William Morris Archive


Draw we nigher now to the heart of our tale, and tell how on the east side of the Sundering Flood was erewhile a stead hight Wethermel: a stead more lonely than most even in that Dale, the last house but one, and that was but a cot, toward the mountains at the head of the Dale. It was not ill set down, for its houses stood beneath a low spreading knoll, the broader side whereof was turned to the south-west, and where by consequence was good increase of corn year by year. The said knoll of Wethermel was amidst of the plain of the Dale a mile from the waterside, and all round about it the pasture was good for kine and horses and sheep all to the water's lip on the west and half way up the bent on the east; while towards the crown of the bent was a wood of bushes good for firewood and charcoal, and even beyond the crown of the bent was good sheep-land a long way.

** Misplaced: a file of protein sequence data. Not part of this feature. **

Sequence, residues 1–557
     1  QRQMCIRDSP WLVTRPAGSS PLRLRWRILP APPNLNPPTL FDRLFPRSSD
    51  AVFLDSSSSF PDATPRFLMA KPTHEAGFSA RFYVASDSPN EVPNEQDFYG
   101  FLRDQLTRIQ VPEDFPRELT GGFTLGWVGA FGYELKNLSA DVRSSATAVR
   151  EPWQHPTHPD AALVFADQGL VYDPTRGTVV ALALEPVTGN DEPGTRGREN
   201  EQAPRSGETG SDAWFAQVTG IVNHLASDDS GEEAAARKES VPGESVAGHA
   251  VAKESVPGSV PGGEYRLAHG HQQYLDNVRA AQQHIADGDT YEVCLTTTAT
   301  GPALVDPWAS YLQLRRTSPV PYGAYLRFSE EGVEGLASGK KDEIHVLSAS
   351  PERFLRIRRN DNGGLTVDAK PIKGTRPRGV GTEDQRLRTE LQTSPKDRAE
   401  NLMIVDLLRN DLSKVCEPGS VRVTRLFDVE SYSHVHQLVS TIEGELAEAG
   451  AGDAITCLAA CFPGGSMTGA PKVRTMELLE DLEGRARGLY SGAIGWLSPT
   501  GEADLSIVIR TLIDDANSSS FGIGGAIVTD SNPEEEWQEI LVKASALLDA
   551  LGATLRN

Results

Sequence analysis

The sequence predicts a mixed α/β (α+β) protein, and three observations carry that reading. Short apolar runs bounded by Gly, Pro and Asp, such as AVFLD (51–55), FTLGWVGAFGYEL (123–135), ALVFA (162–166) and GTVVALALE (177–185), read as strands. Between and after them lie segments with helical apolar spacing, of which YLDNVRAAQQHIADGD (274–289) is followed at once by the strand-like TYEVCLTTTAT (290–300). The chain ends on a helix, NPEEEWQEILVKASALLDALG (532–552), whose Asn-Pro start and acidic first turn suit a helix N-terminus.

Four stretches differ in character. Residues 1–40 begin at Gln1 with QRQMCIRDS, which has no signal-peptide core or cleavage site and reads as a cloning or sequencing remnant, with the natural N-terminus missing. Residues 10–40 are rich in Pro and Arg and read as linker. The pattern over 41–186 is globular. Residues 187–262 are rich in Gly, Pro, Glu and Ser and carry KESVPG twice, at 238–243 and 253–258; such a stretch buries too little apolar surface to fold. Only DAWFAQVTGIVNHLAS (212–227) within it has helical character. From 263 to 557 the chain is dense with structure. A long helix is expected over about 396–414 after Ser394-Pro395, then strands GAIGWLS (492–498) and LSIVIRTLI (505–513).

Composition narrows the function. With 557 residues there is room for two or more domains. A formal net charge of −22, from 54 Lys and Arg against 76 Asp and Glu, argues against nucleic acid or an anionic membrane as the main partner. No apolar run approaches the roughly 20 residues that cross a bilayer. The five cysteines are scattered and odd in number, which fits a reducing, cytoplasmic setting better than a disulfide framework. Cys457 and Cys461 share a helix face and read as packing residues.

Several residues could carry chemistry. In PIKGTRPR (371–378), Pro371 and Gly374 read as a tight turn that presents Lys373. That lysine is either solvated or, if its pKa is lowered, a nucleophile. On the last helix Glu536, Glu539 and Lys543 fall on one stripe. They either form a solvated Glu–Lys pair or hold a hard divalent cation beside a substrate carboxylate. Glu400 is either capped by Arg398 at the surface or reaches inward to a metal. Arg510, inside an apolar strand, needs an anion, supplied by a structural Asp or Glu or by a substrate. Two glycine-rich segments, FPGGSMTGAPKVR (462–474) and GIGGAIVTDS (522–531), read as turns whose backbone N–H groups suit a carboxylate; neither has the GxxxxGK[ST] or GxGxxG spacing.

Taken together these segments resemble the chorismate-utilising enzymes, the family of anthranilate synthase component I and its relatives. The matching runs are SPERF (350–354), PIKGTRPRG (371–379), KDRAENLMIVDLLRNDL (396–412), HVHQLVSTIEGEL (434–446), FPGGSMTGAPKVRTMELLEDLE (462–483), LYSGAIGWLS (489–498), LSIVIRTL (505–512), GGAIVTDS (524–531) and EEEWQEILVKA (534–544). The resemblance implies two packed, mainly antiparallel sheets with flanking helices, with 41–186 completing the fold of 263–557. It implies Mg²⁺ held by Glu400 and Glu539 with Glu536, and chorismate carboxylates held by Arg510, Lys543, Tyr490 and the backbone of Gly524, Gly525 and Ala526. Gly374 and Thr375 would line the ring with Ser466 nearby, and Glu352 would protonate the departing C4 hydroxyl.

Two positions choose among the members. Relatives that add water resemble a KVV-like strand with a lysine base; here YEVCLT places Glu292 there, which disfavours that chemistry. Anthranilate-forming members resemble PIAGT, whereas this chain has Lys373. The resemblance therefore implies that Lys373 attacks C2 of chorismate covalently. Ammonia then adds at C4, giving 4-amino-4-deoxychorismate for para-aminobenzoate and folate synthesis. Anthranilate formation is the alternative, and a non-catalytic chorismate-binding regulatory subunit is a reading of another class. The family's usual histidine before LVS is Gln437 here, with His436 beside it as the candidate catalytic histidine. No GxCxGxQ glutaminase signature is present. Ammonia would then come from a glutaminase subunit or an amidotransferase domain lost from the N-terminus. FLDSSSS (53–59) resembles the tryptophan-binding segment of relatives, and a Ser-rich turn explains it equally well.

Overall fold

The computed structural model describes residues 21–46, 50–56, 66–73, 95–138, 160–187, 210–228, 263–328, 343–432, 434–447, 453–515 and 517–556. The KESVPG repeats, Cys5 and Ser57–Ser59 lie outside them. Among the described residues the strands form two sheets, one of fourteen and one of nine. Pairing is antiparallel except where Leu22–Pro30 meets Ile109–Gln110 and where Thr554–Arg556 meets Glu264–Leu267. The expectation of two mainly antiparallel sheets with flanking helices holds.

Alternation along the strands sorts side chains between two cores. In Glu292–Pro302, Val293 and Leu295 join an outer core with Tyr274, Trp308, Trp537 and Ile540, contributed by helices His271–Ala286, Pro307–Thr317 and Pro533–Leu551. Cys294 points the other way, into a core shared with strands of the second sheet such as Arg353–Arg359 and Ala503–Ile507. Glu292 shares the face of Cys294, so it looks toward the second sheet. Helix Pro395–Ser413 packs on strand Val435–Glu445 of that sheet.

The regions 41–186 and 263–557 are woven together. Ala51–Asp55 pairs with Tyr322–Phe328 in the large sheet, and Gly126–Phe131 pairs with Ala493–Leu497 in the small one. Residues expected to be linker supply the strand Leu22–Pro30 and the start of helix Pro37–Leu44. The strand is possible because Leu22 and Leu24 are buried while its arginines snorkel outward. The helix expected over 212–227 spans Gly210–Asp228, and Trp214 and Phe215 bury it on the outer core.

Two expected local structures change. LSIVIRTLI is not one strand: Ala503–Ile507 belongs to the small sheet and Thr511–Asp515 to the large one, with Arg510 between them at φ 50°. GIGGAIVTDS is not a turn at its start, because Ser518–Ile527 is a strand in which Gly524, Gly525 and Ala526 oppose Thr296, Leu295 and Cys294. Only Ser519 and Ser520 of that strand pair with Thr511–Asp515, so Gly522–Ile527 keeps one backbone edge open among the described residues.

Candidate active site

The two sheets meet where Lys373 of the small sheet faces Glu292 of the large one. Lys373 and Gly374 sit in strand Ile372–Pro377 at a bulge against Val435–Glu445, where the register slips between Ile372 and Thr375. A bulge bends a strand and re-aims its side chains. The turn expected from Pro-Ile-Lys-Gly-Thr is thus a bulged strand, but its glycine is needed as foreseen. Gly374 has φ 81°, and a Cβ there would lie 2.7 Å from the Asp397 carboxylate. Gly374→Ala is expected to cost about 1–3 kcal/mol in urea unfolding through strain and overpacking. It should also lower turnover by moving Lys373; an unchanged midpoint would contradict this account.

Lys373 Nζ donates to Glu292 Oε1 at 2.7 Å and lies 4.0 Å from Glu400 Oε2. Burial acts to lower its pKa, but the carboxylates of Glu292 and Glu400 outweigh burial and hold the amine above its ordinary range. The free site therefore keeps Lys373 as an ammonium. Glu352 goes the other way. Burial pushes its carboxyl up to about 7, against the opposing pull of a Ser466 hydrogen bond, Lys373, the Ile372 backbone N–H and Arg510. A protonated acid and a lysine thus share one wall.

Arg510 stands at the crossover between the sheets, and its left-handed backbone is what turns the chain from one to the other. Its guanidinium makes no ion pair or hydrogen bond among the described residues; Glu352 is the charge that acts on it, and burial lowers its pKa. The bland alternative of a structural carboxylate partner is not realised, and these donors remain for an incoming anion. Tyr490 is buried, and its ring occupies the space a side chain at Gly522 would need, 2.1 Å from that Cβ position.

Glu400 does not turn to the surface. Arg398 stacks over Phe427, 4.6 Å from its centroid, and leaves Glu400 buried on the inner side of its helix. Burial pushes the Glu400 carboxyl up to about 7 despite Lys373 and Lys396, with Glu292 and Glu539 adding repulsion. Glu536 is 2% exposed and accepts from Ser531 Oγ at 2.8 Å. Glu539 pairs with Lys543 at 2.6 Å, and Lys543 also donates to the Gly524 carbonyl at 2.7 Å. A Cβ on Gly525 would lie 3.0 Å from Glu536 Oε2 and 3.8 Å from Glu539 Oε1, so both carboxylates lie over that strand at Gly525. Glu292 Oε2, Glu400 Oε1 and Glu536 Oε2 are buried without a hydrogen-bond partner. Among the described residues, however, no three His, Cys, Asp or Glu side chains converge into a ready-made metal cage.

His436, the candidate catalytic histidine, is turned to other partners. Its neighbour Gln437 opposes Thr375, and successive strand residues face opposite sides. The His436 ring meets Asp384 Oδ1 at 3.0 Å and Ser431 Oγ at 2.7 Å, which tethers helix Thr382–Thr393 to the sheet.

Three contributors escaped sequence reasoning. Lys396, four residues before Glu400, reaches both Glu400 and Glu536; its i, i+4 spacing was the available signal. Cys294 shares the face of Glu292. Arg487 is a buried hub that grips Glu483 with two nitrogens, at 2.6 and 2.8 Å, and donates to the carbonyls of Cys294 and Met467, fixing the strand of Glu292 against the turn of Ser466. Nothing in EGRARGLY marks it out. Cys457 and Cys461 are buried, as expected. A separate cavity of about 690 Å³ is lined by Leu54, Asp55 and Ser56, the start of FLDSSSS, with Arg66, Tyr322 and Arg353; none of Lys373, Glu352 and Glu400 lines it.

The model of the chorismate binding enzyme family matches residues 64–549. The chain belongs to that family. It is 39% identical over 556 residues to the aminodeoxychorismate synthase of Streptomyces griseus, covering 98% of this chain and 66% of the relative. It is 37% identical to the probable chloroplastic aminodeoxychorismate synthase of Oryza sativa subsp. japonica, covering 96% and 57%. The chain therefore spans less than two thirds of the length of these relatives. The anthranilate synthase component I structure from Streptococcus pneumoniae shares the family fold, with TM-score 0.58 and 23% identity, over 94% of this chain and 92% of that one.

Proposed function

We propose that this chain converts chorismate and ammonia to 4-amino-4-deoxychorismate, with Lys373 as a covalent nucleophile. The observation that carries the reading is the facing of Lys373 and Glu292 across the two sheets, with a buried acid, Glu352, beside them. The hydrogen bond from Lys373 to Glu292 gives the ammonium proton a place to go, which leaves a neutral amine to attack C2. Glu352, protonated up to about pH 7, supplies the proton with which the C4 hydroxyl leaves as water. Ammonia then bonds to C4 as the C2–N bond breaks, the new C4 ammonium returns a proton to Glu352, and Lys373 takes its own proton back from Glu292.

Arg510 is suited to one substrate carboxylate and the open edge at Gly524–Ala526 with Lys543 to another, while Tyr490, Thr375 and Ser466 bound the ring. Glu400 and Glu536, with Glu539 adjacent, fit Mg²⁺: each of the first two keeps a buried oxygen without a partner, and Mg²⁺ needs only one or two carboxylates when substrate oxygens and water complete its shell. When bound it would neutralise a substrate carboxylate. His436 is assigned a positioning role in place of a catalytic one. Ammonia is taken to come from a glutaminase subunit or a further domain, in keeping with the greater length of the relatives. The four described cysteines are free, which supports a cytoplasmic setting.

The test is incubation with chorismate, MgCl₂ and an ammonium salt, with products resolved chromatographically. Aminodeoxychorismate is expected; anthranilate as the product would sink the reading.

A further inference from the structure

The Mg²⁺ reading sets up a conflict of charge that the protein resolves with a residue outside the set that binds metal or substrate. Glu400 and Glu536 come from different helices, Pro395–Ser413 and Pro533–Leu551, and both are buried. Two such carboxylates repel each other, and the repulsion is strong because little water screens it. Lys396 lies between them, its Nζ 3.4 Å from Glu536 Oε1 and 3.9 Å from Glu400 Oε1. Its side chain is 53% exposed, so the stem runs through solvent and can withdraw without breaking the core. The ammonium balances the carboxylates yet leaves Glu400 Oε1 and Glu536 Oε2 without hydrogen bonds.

Nevertheless, though its land was fruitful as for that country, yet had Wethermel no great name for luck, and folk who had the choice would liever dwell otherwhere, so that it was hard for the goodman to get men to work there for hire. Many folk deemed that this ill-luck came because the knoll had been of old time a dwelling of the Dwarfs or the Land-wights, and that they grudged it that the children of Adam had supplanted them, and that corn grew on the very roof of their ancient house. But however that might be, there was little thriving there for the most part: and at least it was noted by some, that if there were any good hap, it ever missed one generation, and went not from father to son, but from grandsire to grandson: and even so it was now at the beginning of this tale.